Helping others understand the open adoption relationship.
Being so involved in the adoption community, it’s natural that I get a lot of inquiries from friends and random people seeking help in beginning their adoption journey. One of the things I have to often remind myself is that I was once in their shoes. In today’s adoption climate, open adoption is the norm. But that doesn’t mean that everyone in the early stages of adoption knows about open adoption or is immediately comfortable with the idea.
Another Adoption.com Staff Storyteller, Melissa Giarrosso, recently published an article titled Our Adoptions are Not Made-For-TV Movies. Her article, if you haven’t read it already (you should), brings to light the very real, but totally sensationalized, stereotypical view of open adoption based on media stories and drama producing movies. The fears of open adoption are not from real life experience, but crazy over-the-top stories that make the news or are portrayed to make for interesting TV. Just like you don’t hear about the millions of dogs that don’t attack, the one that does makes the news. That doesn’t make all dogs bad.
When I first started out in my adoption journey, I automatically assumed I would want a closed adoption. Not only is that what I knew from a historical standpoint, but I also feared the unknown. When I started learning that the adoption agencies encouraged open adoption, I remember thinking, “Well I guess we could check the box for semi-open.” I was hesitant and afraid. I heard horror stories of mothers changing their mind. I had people in my ear asking questions like “aren’t you afraid she’ll want him back?” I wondered if open adoption would mean co-parenting. I feared that I would have to “share” this child that I waited so long for.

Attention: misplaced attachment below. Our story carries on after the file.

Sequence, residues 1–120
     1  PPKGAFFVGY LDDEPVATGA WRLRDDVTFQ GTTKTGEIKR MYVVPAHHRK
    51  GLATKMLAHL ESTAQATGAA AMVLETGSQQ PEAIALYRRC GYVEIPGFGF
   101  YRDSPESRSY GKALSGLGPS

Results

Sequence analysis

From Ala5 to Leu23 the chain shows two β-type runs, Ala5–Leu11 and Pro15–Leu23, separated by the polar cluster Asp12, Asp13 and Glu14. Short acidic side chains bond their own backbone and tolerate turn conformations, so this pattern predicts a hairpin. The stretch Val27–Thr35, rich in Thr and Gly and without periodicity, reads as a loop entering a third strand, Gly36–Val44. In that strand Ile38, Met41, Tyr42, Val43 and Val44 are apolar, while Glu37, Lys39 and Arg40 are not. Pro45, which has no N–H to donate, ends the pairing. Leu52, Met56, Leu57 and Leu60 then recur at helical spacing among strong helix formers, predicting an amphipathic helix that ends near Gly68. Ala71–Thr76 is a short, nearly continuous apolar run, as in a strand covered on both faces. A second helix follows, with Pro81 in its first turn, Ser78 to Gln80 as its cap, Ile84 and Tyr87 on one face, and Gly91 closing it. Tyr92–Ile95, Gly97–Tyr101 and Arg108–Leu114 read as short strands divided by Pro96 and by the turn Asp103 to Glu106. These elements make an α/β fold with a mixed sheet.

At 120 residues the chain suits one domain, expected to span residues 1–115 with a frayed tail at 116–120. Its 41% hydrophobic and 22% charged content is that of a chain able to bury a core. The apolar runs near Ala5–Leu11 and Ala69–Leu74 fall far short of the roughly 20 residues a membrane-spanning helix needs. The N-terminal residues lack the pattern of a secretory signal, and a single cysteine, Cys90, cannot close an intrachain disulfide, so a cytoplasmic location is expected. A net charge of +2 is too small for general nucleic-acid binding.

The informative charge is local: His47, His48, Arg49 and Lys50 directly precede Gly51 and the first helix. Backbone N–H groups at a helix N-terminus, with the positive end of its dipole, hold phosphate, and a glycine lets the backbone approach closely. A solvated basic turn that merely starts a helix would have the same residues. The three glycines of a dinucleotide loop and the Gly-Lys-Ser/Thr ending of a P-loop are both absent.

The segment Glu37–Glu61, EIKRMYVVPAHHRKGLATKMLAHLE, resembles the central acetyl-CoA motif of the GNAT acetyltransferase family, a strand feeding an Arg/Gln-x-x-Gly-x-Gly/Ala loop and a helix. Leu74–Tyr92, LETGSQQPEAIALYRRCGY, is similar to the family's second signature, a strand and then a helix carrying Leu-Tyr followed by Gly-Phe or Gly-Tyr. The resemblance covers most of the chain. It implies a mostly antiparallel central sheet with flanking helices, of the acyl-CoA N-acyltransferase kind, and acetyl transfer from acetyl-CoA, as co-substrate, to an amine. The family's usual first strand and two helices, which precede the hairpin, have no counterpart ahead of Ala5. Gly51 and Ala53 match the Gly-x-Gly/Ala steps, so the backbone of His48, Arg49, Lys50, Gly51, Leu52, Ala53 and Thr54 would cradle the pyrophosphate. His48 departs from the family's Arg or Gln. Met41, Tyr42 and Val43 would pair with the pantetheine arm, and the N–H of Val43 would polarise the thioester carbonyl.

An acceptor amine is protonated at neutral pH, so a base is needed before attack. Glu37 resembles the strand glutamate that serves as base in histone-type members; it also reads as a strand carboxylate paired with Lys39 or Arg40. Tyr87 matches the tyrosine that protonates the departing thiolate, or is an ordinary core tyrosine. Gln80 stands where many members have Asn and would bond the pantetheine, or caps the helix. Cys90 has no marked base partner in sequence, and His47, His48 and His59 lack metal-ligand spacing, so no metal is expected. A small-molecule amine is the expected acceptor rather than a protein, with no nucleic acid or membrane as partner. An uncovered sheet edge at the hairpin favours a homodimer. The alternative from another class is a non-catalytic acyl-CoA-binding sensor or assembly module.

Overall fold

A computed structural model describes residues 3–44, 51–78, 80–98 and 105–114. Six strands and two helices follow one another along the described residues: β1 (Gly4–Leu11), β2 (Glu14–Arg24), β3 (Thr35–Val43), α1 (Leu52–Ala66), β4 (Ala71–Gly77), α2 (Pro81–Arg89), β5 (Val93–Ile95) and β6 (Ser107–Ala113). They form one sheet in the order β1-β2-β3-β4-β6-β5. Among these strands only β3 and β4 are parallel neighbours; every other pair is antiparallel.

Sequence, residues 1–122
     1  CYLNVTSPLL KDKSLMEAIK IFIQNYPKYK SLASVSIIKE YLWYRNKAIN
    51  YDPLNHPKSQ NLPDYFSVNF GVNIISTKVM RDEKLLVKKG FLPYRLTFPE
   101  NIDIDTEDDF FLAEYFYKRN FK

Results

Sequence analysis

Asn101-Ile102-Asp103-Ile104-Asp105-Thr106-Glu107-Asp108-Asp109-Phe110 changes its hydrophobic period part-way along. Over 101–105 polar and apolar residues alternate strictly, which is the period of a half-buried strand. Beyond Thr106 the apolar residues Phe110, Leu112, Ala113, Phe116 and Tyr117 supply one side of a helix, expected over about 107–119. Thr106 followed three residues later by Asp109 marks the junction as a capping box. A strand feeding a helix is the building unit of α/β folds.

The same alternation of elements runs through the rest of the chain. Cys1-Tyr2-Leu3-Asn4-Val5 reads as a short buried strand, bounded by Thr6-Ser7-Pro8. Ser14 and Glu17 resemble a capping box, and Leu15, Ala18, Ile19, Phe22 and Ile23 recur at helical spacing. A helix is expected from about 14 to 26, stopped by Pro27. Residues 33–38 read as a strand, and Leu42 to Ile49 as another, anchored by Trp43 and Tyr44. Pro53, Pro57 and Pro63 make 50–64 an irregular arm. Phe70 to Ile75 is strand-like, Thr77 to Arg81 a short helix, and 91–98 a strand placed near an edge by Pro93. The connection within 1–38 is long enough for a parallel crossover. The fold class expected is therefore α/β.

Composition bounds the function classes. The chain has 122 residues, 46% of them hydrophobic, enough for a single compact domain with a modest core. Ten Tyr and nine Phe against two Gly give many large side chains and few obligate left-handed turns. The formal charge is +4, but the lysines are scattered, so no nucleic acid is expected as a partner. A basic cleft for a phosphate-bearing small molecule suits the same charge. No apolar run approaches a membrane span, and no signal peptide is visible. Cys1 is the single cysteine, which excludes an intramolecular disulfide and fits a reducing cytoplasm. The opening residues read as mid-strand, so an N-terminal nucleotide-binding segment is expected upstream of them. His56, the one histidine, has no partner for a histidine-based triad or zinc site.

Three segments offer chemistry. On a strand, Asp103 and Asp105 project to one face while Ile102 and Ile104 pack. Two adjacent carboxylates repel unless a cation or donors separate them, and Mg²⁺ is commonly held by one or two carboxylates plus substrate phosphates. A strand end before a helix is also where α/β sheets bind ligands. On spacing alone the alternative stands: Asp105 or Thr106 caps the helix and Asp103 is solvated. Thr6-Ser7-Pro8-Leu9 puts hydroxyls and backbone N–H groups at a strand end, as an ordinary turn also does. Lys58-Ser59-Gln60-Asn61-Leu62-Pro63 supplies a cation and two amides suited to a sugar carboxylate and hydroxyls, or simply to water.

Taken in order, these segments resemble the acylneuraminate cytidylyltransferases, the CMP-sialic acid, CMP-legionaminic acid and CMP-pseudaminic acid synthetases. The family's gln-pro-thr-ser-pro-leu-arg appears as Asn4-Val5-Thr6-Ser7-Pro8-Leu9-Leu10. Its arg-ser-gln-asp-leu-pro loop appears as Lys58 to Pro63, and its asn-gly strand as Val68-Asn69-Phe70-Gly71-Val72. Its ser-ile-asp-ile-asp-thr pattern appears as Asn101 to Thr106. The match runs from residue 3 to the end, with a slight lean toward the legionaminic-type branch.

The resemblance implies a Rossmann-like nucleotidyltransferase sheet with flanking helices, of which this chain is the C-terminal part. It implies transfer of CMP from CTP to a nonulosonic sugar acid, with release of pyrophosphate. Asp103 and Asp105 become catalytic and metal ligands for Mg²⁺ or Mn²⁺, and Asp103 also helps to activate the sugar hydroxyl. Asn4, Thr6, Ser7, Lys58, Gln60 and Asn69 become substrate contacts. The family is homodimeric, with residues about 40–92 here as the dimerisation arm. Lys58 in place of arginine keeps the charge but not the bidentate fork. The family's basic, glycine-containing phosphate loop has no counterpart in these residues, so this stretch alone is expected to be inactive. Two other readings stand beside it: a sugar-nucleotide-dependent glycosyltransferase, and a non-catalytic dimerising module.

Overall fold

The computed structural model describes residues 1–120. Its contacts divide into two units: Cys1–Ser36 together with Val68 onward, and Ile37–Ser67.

After taking adoption training courses, reading books, talking to fellow adoptive parents, and listening to the stories of birth parents and people who themselves were adopted, I decided that open adoption wasn’t nearly as bad as I was making it out to be. It could be beautiful. It would give my son the missing link that people in closed adoptions never had access to. It would open our world and grow our family.
So when I have people come to me, terrified of what open adoption is, my first reaction is to just tell them to suck it up. It’s best for the child and it is an honor to invite these people into our lives–after all, they are putting their trust in us to raise their child! But, I have to remind myself, they haven’t traveled the adoption road as long as I have. They are new to this. They haven’t had the education and the time to learn. They are afraid and have all these external sources telling them that open adoption should be feared. So I just have to tell our story. A story of love, kindness, trust, heartache, and understanding. I explain to them why open adoption is thought to be the healthier way to raise their future child. I point them in the direction to resources to help them come to the decision on their own.
Open adoption isn’t always perfect. Sometimes the relationship comes naturally. Sometimes it takes work. Sometimes it takes a lot of work. It doesn’t mean that it’s not worth fighting for, though. Our children deserve being fought for!
So What is Open Adoption?
• Self-identity for the child.
• Birth parents having knowledge of well-being of the child.
• Love and communication.
Open adoption can vary, depending on the pre-arranged requests, the relationship built, distance, and time. But one thing remains true, no matter what level of openness you have with your child’s birth family: It is important. It is an honor. It should never be taken for granted. It should never be held over a birth parent’s head as a punishment or reward. It should always be under-promised and over-delivered.
What are some misconceptions you have heard from people that fear open adoption?